Pepsi Pays $9M, Removes ‘All Natural’ Naked Juices Label
PepsiCo has agreed to remove the “all natural” label from its Naked juices and pay $9 million to settle a lawsuit that argued some of the ingredients in the fruit and veggie drinks aren’t “natural,” the Associated Press reports.
In an email to the AP, Pepsi said some of the drinks include an “added boost of vitamins.”
The lawsuit claimed that vitamins are synthetic ingredients, including a fiber made by Archer Daniels Midland.
Pepsi didn’t respond when asked if the juices include synthetic fibers, the AP says.
The Food and Drug Administration does not have a definition for a “natural” food product. It says, from a food science perspective, it’s difficult to define what constitutes natural once the food has been processes and is no longer a product of the earth. However, the FDA has not objected to companies using the term if the food does not contain added color, artificial flavors or synthetic substances.
The lawsuit also said Pepsi’s Naked juices contain genetically modified organisms. In the email to the AP, Pepsi denied these claims, said it will continue to label its drinks “non-GMO” and said it plans to have the non-GMO status of its juices verified by a third-party.
Pepsi isn’t the first company to get into legal trouble over its green marketing claims and product ingredients.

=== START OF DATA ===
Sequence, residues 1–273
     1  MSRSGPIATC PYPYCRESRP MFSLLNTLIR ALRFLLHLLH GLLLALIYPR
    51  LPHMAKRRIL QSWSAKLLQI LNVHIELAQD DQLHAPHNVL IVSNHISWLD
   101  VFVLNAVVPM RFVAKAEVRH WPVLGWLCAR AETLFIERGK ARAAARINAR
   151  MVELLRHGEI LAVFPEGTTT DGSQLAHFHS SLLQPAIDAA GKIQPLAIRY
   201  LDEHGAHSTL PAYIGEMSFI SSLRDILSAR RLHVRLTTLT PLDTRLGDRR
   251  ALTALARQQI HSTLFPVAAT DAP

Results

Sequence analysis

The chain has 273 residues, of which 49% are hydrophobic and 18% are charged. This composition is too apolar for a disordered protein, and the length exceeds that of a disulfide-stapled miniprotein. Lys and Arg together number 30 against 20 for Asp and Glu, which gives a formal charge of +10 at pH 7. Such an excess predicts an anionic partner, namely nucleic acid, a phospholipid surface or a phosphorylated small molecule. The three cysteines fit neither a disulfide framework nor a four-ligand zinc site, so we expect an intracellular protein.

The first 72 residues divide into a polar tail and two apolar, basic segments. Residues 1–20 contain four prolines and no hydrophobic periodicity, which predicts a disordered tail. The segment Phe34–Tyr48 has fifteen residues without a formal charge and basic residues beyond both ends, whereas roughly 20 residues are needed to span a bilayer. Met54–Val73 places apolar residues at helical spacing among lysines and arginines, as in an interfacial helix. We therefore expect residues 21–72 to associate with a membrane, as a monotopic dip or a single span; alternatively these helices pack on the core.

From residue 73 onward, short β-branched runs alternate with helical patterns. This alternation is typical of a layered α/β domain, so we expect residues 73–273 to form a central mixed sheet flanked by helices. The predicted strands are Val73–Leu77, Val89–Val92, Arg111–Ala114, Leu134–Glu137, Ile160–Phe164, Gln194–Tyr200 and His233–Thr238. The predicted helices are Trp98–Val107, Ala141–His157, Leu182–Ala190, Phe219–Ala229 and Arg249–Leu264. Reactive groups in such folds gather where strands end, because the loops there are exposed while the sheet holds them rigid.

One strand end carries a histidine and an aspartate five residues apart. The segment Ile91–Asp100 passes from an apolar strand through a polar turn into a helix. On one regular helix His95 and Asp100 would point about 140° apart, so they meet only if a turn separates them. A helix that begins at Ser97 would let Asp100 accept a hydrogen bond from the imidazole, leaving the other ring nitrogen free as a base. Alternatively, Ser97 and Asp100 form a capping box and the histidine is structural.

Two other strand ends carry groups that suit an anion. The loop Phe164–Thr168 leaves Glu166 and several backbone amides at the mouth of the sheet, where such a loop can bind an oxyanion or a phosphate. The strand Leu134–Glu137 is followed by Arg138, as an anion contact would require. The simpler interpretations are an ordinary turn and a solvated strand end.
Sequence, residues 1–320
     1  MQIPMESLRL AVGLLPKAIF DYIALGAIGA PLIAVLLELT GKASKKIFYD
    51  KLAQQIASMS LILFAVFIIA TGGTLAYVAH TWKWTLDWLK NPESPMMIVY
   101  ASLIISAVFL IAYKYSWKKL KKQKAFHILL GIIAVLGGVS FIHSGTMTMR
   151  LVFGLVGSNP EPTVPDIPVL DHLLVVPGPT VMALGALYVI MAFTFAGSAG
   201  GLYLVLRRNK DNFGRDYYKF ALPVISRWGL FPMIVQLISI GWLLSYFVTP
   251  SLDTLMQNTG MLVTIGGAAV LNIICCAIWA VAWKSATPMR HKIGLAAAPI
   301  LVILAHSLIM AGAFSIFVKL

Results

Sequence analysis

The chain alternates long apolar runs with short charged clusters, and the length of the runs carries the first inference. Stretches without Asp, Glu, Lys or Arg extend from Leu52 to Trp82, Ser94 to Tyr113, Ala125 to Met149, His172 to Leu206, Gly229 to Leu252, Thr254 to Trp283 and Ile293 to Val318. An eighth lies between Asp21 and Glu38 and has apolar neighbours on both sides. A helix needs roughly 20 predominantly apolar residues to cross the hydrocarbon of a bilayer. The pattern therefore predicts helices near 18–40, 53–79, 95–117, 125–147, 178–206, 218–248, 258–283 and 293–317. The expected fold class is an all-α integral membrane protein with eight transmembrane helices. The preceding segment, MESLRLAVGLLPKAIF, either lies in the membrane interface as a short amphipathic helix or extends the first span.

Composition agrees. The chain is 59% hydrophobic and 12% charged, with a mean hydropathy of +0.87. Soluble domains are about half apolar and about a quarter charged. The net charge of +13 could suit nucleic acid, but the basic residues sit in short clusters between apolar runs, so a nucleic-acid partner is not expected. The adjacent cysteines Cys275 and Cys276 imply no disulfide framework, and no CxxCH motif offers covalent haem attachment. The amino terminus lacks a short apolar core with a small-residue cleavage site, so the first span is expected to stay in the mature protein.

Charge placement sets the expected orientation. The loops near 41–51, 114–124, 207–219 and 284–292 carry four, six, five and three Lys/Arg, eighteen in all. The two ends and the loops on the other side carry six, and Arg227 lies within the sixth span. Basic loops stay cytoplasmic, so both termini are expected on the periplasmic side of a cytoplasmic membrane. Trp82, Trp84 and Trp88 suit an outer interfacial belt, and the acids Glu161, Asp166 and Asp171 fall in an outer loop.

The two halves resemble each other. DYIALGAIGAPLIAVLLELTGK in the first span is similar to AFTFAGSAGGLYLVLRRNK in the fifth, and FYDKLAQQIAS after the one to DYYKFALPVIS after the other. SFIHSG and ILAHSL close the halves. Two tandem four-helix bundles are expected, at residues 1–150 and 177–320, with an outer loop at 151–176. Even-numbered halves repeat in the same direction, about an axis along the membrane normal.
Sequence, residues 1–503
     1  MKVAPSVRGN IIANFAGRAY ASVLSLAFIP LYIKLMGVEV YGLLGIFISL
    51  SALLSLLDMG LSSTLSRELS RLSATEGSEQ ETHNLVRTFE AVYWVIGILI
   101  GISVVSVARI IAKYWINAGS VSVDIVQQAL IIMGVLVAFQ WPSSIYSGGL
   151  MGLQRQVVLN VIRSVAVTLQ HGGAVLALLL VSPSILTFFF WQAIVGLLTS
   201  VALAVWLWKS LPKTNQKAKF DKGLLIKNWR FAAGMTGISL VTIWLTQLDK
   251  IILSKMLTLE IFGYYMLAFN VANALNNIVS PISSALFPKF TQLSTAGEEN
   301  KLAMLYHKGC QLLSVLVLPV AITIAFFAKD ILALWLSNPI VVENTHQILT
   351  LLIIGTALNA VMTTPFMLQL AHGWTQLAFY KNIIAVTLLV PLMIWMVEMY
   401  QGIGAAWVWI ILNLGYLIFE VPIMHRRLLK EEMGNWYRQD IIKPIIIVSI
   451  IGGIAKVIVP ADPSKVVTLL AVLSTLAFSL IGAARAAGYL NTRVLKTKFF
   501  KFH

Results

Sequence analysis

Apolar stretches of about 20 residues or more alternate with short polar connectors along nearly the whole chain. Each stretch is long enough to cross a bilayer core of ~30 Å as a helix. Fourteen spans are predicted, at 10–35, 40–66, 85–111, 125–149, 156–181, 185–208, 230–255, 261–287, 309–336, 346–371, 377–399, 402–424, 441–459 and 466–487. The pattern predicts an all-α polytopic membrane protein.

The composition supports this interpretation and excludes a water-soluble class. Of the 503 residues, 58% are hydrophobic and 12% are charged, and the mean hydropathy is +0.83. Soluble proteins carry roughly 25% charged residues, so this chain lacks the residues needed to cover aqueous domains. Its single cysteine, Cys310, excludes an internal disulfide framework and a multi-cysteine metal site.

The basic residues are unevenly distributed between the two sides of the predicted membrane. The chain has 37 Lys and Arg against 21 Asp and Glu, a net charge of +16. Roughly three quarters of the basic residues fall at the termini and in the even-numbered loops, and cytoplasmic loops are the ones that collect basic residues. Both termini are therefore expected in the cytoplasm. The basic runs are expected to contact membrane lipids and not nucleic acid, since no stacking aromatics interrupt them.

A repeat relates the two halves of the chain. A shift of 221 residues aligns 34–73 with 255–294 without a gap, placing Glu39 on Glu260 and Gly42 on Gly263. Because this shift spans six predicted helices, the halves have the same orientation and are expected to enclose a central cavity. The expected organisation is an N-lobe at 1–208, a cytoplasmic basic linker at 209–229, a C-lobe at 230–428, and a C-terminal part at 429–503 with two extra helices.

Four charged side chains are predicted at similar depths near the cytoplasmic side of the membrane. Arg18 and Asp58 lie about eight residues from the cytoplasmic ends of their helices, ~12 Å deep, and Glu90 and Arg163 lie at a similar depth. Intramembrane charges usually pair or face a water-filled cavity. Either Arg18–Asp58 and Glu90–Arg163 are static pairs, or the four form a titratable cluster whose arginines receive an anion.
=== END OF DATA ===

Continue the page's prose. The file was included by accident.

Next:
Earlier this year Procter & Gamble, makers of Tide and Tide Free & Gentle detergents, agreed in a California court to reduce the levels of the chemical 1,4 dioxane in its laundry products after pressure from environmental groups and a lawsuit from a nonprofit. The chemical has been linked in animal studies to increased risk of breast cancer, according to Women’s Voices for the Earth.
The Tide Free & Gentle website shows a picture of a baby and touts the detergent as a “great clean that’s gentle on your skin.”
The EPA calls the chemical a “probably human carcinogen,” and California’s Proposition 65, the state law governing toxic chemical exposure in consumer products, classifies 1,4 dioxane as a known carcinogen.
In 2010, the National Advertising Division (NAD) of the Council of Better Business Bureaus recommended that Seventh Generation either modify or discontinue certain advertising claims for the company’s household cleaning and laundry products after P&G challenged the products’ health, safety and ingredient claims.
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